United Nations High Commissioner for Human Rights Michelle Bachelet is seen on a giant screen delivering her speech remotely at the opening of a UN Human Rights Council emergency meeting on occupied Palestinian territory including East Jerusalem, in Geneva.
Palestine has called out India’s abstention during the vote on the resolution, “Ensuring respect for international human rights law and humanitarian law in Occupied Palestinian Territory, including East Jerusalem, and in Israel”, at the UN Human Rights Council in Geneva last week.
India’s abstention did not affect the fate of the resolution which was adopted on May 27 with 24 countries voting in favour and nine against. In all, 14 countries abstained.
The resolution empowers the council to urgently establish an ongoing independent, international commission of inquiry to investigate all alleged violations of international human rights laws in the Occupied Palestinian Territory, including East Jerusalem, and in Israel leading up to and since April 13, 2021, when the situation escalated in West Asia.
In a letter to the external affairs minister, S. Jaishankar, the Palestinian foreign minister, Riad Malki, said: “Republic of India missed an opportunity to join the international community at this turning point, both crucial and long overdue, on the path to accountability, justice and peace”.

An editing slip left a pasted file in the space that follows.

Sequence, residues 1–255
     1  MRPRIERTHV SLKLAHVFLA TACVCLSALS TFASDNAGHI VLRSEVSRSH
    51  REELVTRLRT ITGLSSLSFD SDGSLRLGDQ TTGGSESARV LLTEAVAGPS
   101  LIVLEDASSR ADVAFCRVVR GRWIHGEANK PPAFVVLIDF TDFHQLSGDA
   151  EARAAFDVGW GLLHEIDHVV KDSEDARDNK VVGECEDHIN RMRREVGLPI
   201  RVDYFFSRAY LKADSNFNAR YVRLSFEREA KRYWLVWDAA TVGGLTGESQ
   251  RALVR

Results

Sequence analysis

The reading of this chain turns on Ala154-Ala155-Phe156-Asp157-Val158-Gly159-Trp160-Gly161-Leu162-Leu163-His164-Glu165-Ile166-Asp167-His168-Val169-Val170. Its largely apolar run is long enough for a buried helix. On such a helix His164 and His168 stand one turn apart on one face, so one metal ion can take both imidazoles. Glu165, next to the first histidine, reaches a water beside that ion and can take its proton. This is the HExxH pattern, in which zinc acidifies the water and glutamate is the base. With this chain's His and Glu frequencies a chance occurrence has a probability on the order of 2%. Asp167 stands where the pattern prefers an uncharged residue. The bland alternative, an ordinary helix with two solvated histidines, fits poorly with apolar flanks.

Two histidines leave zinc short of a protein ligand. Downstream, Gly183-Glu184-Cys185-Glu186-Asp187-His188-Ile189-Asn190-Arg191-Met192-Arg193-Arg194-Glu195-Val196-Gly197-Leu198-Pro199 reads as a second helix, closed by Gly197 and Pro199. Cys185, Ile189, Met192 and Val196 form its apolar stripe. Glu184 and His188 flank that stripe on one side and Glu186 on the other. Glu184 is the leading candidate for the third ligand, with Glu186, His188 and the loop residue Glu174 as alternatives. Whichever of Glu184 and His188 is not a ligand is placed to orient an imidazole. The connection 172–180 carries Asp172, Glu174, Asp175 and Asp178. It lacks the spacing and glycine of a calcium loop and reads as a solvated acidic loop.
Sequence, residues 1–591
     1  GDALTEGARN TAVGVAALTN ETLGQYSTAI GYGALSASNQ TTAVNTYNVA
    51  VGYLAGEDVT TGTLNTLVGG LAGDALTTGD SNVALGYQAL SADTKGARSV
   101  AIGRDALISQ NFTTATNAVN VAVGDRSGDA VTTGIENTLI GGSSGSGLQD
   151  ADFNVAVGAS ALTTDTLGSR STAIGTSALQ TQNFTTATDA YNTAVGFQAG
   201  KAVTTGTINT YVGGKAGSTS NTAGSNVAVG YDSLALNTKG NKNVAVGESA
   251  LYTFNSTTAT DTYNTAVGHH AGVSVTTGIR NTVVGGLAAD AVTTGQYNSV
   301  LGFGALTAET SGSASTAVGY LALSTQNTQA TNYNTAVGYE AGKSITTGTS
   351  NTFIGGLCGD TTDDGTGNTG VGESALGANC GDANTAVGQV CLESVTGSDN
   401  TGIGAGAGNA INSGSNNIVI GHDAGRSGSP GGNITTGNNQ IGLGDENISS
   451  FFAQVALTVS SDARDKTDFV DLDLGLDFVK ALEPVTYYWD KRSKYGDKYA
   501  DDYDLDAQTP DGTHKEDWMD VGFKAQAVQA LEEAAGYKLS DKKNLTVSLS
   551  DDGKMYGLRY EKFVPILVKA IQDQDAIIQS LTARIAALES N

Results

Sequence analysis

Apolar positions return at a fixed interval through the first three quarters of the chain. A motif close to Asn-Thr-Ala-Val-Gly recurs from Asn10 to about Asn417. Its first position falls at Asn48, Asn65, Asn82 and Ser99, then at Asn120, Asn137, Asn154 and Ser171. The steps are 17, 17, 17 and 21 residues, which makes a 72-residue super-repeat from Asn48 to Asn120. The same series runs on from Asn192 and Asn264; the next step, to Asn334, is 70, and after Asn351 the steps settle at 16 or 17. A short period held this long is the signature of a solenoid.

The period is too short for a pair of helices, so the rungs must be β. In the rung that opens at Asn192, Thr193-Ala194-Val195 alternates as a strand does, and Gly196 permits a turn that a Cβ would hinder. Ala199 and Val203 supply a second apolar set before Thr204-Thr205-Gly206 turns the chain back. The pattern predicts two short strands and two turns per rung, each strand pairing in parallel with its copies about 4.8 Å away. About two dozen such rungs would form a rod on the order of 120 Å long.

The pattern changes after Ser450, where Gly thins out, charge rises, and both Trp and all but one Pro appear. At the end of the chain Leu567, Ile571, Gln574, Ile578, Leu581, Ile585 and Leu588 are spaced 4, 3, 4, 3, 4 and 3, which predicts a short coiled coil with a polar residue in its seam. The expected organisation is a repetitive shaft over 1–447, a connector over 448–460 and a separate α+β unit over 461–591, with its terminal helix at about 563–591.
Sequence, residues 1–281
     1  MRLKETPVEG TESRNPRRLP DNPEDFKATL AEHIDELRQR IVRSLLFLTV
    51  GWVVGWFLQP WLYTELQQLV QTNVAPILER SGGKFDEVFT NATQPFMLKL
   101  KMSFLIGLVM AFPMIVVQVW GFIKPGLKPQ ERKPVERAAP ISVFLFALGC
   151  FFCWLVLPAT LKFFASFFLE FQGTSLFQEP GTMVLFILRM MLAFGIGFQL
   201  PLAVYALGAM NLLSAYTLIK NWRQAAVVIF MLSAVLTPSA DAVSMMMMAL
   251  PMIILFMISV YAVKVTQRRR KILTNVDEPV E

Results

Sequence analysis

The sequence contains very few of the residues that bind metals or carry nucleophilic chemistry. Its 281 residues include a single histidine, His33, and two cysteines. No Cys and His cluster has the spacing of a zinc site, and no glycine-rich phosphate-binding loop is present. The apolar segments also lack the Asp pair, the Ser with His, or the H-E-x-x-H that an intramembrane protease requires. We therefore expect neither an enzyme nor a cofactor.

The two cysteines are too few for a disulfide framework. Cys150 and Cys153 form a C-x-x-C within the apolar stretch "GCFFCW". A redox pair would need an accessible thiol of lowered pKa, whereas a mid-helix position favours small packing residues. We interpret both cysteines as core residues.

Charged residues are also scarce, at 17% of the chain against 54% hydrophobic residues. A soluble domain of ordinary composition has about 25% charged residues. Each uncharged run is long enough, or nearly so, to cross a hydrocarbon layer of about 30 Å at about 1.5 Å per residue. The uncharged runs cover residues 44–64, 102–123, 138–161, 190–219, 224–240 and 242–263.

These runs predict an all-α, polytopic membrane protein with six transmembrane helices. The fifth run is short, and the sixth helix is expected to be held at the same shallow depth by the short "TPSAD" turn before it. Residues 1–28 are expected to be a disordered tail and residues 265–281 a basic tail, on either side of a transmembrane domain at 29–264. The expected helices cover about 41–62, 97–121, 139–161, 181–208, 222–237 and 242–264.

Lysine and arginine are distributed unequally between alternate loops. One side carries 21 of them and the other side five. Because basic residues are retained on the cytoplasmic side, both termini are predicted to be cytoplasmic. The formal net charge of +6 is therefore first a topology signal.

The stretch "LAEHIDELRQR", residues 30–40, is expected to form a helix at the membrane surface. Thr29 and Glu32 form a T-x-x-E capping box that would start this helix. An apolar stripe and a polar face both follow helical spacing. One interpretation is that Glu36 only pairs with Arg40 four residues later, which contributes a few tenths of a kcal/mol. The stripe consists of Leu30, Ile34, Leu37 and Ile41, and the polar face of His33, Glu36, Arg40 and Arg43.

The resolution, he pointed out, was not an aberration to the HRC but the by-product of extensive multilateral consultations. “It is the consolidation of years and thorough investigation into and reporting on Israel’s grave violations by States, UN experts, Human Rights Treaty bodies, and organisations…. Therefore, your abstention stifles the important work of Human Rights Council at advancing human rights for all peoples including those of the Palestinian people.’’
Prior to the vote, the Indian representative at the UN in Geneva iterated its position on the latest escalation and called for restraint from both sides. The Indian statement in Geneva made no reference to the resolution that was on the table and articulated New Delhi’s position that had already been spelt out last month at the UN in New York.
India once again batted for the two-state solution to the most protracted dispute facing the world but made no mention of East Jerusalem as the capital of the future Palestinian state.
Prominent among the countries which supported the resolution were China, Russia, Pakistan, Bangladesh and Cuba.